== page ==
Fighting Parkinson’s, and the necessity of vulnerability

In my last post, I discussed the importance of vulnerability in recovery from Parkinson’s. By being vulnerable in all you do, you fearlessly face life as your real self. This issue of vulnerability brings up a lot of fear, and we need to discuss this today because defeating the fear of being vulnerable could serve to open the final blockage to bringing your life back into balance and finishing your recovery.

This issue has come up so many times in coaching calls this week that today I am re-posting a post on vulnerability from three years ago. Here is Fighting Parkinson’s, and vulnerability, vulnerability, and…vulnerability:

In the past, I have shared with you this:

“I announced it [my realization] to Sally at breakfast on June 11, 2010, like this: First I told her I know what I need to do to complete my recovery and what I was about to tell her might sound like the most selfish thing ever to come out of my mouth, but it was not selfish, and then I said, ‘There is no person on this planet worth me continuing to have Parkinson’s Disease just to make them happy.’”

I was speaking about this issue recently and here is what else came out. After I made my announcement to Sally, and she agreed with me that I needed to be happy, I then announced this to her: “And, after the dust settles and I am cured from Parkinson’s, if nobody talks to me, I still will be the happiest guy in the world because I will no longer have Parkinson’s. Plus, I know you will still be talking to me, and I am okay with that.”

Sally seemed puzzled and asked why would people not be talking to me. I explained that nobody knew the real me except her so I knew she would still talk to me. However, maybe nobody would accept the real me, and maybe nobody would like the real me, and thus, maybe nobody would talk to the real me.

As you can see, the fear of being the real me is what had been holding me up. The more I resisted being absolutely vulnerable, being genuinely me, the more physically miserable I had become in the last month leading up to my recovery. And through that physical misery, I let go.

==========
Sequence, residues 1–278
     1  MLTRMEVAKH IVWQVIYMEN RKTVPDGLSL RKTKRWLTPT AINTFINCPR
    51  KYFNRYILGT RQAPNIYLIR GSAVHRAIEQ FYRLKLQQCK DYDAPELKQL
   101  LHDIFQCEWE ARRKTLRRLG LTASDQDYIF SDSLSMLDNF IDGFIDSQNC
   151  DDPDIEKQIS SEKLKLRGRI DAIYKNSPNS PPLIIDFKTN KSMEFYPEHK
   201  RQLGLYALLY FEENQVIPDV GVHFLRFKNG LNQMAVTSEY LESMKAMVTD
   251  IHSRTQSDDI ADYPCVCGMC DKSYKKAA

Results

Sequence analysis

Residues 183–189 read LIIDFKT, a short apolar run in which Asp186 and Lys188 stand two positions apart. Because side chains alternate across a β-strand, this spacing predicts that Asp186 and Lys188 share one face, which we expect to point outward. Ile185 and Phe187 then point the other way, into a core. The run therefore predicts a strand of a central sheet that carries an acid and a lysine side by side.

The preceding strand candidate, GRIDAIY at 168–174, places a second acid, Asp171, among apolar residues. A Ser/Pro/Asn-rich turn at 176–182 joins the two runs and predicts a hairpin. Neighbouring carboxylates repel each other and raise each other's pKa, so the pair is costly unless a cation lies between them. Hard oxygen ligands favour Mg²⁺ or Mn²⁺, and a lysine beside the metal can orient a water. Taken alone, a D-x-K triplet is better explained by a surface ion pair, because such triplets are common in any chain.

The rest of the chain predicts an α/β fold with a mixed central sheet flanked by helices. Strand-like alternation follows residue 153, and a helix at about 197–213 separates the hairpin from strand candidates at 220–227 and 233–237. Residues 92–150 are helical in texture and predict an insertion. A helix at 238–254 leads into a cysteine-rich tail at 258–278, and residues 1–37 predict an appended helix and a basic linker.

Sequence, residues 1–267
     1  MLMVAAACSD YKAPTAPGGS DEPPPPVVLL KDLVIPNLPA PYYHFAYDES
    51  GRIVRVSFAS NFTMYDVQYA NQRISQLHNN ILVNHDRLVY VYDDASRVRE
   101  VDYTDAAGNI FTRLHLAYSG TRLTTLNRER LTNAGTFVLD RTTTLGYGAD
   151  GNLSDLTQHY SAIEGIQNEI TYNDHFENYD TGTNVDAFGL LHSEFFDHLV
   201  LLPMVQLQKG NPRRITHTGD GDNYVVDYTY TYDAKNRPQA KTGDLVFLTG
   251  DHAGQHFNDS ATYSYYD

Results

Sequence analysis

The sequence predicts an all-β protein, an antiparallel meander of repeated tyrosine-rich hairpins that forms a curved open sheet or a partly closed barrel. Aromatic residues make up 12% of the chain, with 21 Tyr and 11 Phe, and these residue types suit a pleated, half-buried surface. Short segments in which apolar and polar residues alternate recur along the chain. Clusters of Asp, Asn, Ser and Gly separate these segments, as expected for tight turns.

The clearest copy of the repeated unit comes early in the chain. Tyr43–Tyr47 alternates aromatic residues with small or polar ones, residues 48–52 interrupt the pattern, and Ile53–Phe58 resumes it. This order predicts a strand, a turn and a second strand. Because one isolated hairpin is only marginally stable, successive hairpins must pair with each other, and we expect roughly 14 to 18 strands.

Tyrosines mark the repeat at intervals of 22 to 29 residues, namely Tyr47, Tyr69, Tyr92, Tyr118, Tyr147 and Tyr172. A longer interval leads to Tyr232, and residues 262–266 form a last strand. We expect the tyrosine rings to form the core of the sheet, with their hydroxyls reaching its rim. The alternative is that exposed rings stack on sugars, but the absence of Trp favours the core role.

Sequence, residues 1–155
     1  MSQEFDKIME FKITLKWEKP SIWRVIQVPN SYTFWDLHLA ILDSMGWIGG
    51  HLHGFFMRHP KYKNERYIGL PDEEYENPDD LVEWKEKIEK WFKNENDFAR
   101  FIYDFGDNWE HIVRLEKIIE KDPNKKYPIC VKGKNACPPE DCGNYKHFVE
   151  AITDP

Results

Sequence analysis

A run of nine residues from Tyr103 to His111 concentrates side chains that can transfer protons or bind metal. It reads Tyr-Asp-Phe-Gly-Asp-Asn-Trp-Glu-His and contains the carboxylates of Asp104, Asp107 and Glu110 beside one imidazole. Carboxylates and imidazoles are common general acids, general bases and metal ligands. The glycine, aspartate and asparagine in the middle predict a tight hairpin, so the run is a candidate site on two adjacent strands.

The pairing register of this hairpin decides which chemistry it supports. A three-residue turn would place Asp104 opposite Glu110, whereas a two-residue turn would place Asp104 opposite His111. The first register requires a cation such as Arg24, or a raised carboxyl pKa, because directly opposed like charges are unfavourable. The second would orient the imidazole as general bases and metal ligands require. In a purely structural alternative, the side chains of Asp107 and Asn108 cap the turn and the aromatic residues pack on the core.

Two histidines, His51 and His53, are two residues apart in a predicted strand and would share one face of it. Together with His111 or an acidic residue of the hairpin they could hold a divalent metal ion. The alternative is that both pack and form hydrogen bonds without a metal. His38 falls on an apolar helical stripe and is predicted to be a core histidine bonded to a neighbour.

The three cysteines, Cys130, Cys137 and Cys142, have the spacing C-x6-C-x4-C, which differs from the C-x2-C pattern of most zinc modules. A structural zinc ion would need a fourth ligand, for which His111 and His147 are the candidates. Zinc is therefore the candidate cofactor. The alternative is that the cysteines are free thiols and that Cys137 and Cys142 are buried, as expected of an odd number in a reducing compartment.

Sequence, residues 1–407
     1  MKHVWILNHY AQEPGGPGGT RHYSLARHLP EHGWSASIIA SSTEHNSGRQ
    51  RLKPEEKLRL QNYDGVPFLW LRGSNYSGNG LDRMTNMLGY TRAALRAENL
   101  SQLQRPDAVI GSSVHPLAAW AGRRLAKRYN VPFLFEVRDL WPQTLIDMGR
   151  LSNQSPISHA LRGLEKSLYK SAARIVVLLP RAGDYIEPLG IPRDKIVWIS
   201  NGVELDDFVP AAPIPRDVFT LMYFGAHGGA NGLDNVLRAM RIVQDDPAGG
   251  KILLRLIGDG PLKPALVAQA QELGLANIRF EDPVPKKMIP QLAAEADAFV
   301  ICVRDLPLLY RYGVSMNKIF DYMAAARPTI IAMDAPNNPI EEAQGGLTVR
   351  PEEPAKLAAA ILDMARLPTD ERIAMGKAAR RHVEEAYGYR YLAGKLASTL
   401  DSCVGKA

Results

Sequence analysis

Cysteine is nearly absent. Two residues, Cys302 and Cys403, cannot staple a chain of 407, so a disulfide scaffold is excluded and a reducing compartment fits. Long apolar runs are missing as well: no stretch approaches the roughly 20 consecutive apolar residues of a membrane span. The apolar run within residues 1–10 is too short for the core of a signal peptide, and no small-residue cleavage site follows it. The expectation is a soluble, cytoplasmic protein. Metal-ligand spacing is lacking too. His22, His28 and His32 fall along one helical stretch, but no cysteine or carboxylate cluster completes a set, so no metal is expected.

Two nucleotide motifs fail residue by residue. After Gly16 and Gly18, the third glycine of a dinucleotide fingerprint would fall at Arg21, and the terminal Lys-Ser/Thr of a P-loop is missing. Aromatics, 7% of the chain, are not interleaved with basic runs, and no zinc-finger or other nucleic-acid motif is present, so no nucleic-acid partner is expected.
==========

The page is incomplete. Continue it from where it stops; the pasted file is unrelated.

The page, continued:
I surrendered.

I realized that I needed to clear my shelf of my annual Academy Award for Best Actor in the part of Howard Shifke, and I threw them all in the trash along with the script I had been acting from for the previous 45 years or so. I realized that the script from which I had been acting the Howard Shifke part all those years had been written by others (parents, siblings, teachers, coaches, relatives, friends, etc.); the script had not been written by me, and it had very little to do with who I really was, the real me. And I decided that my script of life going forward would have to be whatever rolled out in front of me, trusting and accepting that if it was rolling out in front of me then it was necessary in my life…accept it and deal with it in the moment, moment after moment. That’s it.

And that night, I let go of the remaining fear of being me. As I have shared with you in the past:

“That night, when Sally came to do the Governing Vessel Acupressure as she had every night for nine months, I told her things were okay and it would not be necessary. If you scroll down to the bottom of the Recipe, you will find the following, which was done at the end of my usual meditations and prayers before going to sleep on June 11, 2010: